Category Archives: literature

The Year of Reading Differently

Edward Stourton on the travails of reading in the digital age.

I wish I got more time to read.


Hop-Picking Diary

George Orwell lived as a tramp and went hop-picking in the late summer of 1931 to sustain himself.  He kept a diary of those times.  It makes fascinating reading, providing, as it does, an observant and heart-felt portrait of a destitute’s life in England in the interwar period.  A blog of that diary is here.

Innovation Starvation

Neal Stephenson’s take on how the Internet is starving innovation.  His notion is that isolation spurs creativity: if there is no one to tell you that something cannot be done or that it has been done before, them perhaps you are going to go ahead and do it anyway and do it extremely well.

He ties up this lack of creativity with high risk aversion in the corporate sphere.

Distributional Ethics and Economic Justice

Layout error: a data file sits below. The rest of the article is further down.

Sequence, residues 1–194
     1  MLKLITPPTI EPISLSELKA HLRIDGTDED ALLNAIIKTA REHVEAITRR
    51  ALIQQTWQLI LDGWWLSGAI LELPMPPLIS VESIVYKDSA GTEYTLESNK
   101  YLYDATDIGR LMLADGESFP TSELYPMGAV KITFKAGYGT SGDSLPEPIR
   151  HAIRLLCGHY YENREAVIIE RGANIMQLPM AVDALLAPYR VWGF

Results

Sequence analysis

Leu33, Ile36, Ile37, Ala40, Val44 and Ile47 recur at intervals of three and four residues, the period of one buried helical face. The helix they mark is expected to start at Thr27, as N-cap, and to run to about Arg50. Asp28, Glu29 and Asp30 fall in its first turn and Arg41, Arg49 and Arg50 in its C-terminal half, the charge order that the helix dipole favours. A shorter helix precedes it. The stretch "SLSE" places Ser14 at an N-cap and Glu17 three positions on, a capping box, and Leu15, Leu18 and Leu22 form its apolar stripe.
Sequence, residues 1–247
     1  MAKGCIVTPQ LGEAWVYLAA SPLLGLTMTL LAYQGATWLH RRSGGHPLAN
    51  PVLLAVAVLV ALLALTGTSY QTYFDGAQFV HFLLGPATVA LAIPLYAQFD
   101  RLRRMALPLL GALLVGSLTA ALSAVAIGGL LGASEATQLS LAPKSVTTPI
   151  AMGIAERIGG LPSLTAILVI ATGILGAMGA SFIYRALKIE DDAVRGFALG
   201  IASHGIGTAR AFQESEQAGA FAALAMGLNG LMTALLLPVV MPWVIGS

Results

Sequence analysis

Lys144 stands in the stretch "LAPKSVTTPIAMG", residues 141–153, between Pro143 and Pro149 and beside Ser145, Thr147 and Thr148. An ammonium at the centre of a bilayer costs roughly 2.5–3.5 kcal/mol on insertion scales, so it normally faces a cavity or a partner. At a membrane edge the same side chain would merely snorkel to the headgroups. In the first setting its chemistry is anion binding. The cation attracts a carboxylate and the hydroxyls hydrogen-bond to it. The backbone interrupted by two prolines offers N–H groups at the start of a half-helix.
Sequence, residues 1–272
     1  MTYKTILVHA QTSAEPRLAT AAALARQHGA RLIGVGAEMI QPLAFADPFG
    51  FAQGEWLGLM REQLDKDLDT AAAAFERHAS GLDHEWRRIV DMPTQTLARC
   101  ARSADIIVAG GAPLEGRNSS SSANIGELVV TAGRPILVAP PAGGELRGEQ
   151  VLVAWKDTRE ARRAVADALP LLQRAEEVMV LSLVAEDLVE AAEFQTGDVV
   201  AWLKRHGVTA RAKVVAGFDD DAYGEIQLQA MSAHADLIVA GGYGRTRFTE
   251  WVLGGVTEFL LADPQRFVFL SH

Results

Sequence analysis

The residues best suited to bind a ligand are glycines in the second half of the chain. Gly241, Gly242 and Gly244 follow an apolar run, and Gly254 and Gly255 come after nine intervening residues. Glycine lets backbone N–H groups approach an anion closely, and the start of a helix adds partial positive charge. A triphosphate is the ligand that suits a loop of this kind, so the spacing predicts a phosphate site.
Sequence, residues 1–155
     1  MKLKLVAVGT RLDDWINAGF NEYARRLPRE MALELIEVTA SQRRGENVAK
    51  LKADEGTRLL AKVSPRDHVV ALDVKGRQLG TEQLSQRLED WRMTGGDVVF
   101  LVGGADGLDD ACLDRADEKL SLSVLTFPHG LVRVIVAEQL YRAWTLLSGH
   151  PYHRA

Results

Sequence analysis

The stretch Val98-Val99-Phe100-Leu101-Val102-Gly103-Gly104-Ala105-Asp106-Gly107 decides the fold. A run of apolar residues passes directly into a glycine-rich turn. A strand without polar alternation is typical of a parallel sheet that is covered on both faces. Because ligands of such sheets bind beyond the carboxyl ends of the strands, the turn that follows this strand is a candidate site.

In which I excerpt a conversation between Baruk, master alchemist, and Kruppe, petty thief and spymaster, originally recorded in Toll the Hounds, the eighth installment in The Malazan Book of the Fallen.  Baruk’s comments are in green.

K: Kruppe asks this: witness two scenes.  In one, an angry, bitter man beats another man to death in an alley in the Gadrobi District.  In another, a man of vast wealth conspires with equally wealthy compatriots to raise yet again the price grain, making the cost of simple bread so prohibitive that families starve, are led into lives of crime, and die young.  Are both acts of violence?

B: In only one of those examples will you find blood on a man’s hands.

K: True, deplorable as such stains are.

B: There are countless constructs whereby the wealthy man might claim innocence.  Mitigating circumstances, unexpected costs of production, the law of supply and demand, and so on.

K: Indeed, a plethora of justifications, making the waters so very murky, and who then sees the blood?

B: And yet, destitution results with all its misery, its stresses and anxieties, its foul vapours of the soul.  It can be said that the wealthy grain merchant wages subtle war.

Fantasy often gets a bad rap, but I enjoy Steve Erikson’s forays into history, economics, politics and ethics, made all the more enjoyable by his highly literate style.

Has Neal Stephenson become too accessible?

A review of Neal Stephenson’s latest, Reamde.  I’ve never read him, but have only heard good things about him.  Now, after reading this review, I really do want to read him, but preferably his earlier stuff.